According to RCA, the ten most active sales markets in the past 12 months are, in descending order: Manhattan, Los Angeles, Chicago, Seattle, San Francisco, Dallas, Houston, Boston, Atlanta, and Boston. More than $7.25 billion in transactions have been recorded in each of these cities since February 1, 2012.

Moody’s/RCA Commercial Property Price Index was up 2.8 percent in December to a 4-year high. (This is a same-property index based on all U.S. transactions exceeding $2.5 million.) Values are 8.1 percent higher than a year ago, but still down 20 percent from the December 2007 peak.

The value-weighted composite CoStar Commercial Repeat-Sale Index in December was essentially unchanged from November, remaining at the highest level in 4 years. (The index is based on a repeat-sales methodology that tracks transactions exceeding $100,000 and includes land sales.) Values are 4 percent higher than a year ago, but are still down about 16 percent from the peak value in September 2007.

The GSA Commercial Property Price Index, based on estimates of private market values for REIT portfolios, increased 1 percent in February to its highest level in 5.5 years. Values are now just off the peak by 1.3 percent and are 7.3 percent higher than a year ago.

As reported in last month’s Barometer, the NCREIF Property Index turned in a positive fourth quarter with total returns of 2.5 percent, sustaining the consistently positive returns of the last 3 years, but at somewhat lower rates in 2012 than in 2010 and 2011. The capital appreciation component was 1.1 percent for the quarter. Total 12-month returns are now 10.5 percent. Returns for the quarter by property sector were all between 2.2 and 2.8 percent, with the exception of 3 percent returns in the retail sector.

Capitalization rates, as reported by Real Capital Analytics (RCA), were essentially stable at 6.87 percent in January—down only 1 basis point from December. NCREIF cap rates remained compressed in the fourth quarter, essentially stable at 5.87 percent, also down just 1 basis point.

Total equity REIT returns were fair in February at 1.3 percent. Positive returns included 2.9 percent for the office sector and 1.5 percent for the retail sector. Returns for the lodging/resorts, apartment, and industrial sector were negative at  –0.3 percent, –0.7 percent, and –1 percent, respectively. One-year total returns as of February stood at 17.7 percent, with one-year returns reaching 22.7 percent for the retail sector and 22.5 percent for the industrial sector. Lodging/resorts at 11.6 percent and apartments at 5.6 percent had the lowest one-year returns.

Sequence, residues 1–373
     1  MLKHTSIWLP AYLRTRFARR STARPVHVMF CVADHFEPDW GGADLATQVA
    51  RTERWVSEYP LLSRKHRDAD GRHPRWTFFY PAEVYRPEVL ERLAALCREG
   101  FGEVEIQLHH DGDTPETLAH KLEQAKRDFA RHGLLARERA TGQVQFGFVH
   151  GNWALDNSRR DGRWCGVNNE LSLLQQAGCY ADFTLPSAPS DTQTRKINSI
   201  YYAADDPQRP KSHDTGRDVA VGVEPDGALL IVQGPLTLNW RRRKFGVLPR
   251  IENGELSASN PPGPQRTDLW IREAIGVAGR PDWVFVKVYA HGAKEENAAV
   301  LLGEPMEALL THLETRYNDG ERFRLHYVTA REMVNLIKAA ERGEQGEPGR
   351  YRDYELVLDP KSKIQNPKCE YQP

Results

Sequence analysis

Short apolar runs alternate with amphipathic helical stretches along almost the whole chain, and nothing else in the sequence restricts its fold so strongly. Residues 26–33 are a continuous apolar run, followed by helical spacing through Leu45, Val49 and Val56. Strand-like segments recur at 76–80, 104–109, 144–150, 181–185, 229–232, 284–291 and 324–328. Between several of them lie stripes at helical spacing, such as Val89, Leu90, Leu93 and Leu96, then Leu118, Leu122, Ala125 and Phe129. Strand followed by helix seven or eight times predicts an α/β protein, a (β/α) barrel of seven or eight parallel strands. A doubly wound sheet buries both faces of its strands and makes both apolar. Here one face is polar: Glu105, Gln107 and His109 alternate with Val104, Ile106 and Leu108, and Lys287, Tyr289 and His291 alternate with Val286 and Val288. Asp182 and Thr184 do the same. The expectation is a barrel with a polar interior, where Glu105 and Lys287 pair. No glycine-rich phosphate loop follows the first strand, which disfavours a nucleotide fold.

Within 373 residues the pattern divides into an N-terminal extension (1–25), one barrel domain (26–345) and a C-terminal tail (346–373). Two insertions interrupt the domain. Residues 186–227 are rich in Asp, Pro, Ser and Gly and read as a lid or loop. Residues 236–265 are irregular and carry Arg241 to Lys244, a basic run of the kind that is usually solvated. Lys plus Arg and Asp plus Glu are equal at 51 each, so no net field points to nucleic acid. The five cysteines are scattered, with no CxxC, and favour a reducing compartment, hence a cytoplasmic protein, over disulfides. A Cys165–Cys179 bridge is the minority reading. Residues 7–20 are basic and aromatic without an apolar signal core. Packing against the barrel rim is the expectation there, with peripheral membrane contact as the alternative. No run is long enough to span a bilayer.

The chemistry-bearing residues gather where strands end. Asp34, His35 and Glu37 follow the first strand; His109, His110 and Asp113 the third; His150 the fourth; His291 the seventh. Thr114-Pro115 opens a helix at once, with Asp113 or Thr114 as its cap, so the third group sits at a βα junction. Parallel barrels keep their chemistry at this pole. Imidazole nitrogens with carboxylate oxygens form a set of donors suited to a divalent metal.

CMBS issuance
 
during February was $7.34 billion, according to Commercial Mortgage Alert, down 14 percent from the January’s 5-year monthly high. Still, it is the third-highest monthly volume during that time (the second highest was in November) and above the long-term monthly average (since 1991). The spread over swaps for 10-year AAA new CMBS issuance was 81 basis points in the last week of February, a notch up from 77 basis points at the end of the last week of the previous month. The spread is well below the 122-basis-point spread of a year ago, signaling strong appetite for CMBS securities. According to Trepp LLC, CMBS delinquency rates continue to retreat from last summer’s historical high and are now at 9.42.

Bank real estate loan delinquency rates continued to fall in the fourth quarter. Commercial and multifamily mortgage delinquency rates are now 2.85 percent and 1.56 percent, respectively. The multifamily delinquency rate is now below the long-term historical average (since 1991). Construction and development loans have the highest delinquency rate at 8.34 percent, substantially above the quarterly historical average (since 1991) of 5.3 percent.

Housing